Greenhouse Grower Notes: Managing Botrytis grey mould

May 05, 2009
Written by Gillian Ferguson
Botrytis cinerea sporulating on infected tomato stem. (PHOTO BY GILLIAN FERGUSON, OMAFRA)

Grey mould caused by the fungus, Botrytis cinerea, is a chronically occurring disease that affects greenhouse crops worldwide. Fortunately, growers have access to a variety of tools for managing this commonly occurring disease. Such tools include chemicals and a variety of cultural controls where most emphasis should be placed because grey mould is best managed in a prophylactic or preventive manner. Understanding how these tools should be used and applying this knowledge during crop production provide the best defence against this disease.

Black, hardy sclerotia of Botrytis cinerea embedded within tissue of tomato stem. (PHOTO BY GILLIAN FERGUSON, OMAFRA)

Chemical controls – Products registered in Canada for use on one or more greenhouse vegetable crop against B. cinerea include Rovral® (iprodione), Decree® (fenhexamid), Pristine® (pyraclostrobin + boscalid) and Prestop® (Gliocladium catenulatum).

– This is a contact fungicide with locally systemic or translaminar properties. This means that the fungicide penetrates the leaf tissue and moves from the treated surface to the opposite untreated surface. It has both protectant and eradicant properties and affects all phases of development in the life cycle of the fungus. This fungicide is active against both spores and mycelium (cottony mass that spreads and produces spores) of the fungus. However, it is more active against growth of the mycelium than germination of spores. Although this fungicide does have post infection activity and can be applied to infected tissue still in the early stages of development, it is best applied preventively to protect uninfected wounds.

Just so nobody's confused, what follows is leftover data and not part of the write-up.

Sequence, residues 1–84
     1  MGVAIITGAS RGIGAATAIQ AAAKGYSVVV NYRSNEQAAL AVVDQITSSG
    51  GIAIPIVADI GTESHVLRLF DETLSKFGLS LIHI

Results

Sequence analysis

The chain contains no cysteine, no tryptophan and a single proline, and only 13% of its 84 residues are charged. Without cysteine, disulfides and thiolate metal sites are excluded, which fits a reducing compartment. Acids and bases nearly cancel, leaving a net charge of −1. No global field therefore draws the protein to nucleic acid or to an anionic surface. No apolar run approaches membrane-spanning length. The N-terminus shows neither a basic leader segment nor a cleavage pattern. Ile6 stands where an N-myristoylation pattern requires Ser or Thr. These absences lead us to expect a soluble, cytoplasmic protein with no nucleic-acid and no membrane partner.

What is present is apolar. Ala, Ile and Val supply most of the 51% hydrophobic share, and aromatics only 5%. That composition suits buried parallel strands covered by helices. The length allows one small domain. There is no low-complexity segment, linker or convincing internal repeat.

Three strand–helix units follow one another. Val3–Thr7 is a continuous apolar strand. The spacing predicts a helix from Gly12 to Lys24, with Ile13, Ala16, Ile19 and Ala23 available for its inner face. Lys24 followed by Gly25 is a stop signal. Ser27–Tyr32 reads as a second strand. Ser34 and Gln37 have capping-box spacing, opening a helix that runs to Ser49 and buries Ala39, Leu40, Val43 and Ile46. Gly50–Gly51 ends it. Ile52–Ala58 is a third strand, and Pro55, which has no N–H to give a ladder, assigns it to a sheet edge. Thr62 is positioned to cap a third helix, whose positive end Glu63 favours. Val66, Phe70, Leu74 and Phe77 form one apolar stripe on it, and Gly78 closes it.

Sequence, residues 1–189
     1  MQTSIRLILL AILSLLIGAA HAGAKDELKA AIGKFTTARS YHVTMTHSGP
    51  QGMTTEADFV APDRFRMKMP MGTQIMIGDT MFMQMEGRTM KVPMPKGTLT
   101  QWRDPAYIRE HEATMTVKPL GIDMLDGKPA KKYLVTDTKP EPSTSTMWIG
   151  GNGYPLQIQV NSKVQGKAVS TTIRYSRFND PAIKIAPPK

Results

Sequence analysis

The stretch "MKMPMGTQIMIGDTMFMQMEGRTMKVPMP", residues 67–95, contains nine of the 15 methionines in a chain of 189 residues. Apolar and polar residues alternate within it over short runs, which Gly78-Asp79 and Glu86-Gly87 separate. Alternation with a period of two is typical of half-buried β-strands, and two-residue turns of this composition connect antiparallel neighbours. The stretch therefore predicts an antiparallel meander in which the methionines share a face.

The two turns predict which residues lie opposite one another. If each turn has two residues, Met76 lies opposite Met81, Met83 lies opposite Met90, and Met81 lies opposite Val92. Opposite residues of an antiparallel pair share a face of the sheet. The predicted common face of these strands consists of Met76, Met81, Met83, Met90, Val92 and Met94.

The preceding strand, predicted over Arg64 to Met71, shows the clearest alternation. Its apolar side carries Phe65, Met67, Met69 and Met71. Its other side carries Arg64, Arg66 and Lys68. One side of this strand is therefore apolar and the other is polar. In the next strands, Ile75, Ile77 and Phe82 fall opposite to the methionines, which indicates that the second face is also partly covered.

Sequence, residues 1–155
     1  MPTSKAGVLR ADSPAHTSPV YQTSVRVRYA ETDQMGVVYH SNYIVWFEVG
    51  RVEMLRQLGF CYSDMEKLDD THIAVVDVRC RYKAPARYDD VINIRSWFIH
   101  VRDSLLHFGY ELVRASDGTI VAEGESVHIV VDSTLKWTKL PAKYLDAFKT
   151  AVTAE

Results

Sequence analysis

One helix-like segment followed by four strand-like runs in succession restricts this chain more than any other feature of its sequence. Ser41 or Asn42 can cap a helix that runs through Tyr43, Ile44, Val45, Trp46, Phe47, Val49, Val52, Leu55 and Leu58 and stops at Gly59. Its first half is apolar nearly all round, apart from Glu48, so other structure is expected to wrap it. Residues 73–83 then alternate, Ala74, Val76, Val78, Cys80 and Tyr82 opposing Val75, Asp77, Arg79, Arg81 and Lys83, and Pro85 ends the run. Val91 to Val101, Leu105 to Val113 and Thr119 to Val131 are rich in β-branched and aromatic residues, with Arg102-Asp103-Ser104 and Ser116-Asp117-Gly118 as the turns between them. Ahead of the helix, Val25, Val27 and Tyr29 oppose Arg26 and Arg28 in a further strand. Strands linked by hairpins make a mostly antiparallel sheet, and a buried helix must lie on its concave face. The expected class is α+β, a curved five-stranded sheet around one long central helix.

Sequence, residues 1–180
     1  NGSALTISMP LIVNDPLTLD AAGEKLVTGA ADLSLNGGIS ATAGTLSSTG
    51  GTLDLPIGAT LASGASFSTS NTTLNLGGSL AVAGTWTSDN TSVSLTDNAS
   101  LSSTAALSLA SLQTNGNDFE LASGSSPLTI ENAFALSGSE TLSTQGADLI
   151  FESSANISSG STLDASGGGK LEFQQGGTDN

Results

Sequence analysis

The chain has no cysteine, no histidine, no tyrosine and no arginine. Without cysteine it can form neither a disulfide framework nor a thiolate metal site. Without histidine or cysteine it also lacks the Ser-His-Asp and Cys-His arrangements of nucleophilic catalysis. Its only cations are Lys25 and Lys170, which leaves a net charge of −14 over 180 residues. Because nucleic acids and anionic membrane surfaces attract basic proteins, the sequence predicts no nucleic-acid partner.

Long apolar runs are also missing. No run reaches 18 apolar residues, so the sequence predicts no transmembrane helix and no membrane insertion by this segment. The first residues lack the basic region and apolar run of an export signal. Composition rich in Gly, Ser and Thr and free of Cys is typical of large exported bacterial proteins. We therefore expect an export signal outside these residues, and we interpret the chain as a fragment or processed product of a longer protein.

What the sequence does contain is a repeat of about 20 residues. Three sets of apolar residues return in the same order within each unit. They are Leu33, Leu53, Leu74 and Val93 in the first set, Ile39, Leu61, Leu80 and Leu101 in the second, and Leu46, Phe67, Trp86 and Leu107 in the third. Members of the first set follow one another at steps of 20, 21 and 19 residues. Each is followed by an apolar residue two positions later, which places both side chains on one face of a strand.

– This is primarily a protectant fungicide with locally systemic activity. It prevents development of the fungus by inhibiting spore germination, germ tube elongation, and growth of the mycelium. Decree will also provide post-infection activity if applied very early in the disease cycle of the fungus. This fungicide is most effective when applied before infection by B. cinerea occurs.

Pristine – Pristine also has translaminar properties and provides a long period of residual protection. This product works on the plant surface to prevent spore germination and penetration, and within the tissue to prevent growth of mycelium. Pristine combines the activity of two fungicides, pyraclostrobin and boscalid, which act by disrupting different parts of the energy producing system of the fungus. Together, they serve to inhibit fungal growth by depriving the cells of an energy source and building blocks required for essential cell components.

Prestop – As indicated in an earlier article in which Prestop was discussed in relation to Pythium, the active ingredient in Prestop is a fungus, Gliocladium catenulatum strain J1446. Gliocladium catenulatum works by suppressing other fungal pathogens by two main mechanisms, competition and parasitism. Gliocladium catenulatum competes with other fungi for nutrients and living space, thereby preventing them from successfully establishing on the plant. It is also able to parasitize competing fungi, resulting in breakdown of their cell walls. This product is best used preventively.

Cultural controls
– Such measures are based on prevention and early detection. Careful monitoring of the crop is one exercise that should be practised at least weekly to facilitate early responses. In addition to monitoring, and perhaps even more importantly, are preventive measures, which include the following: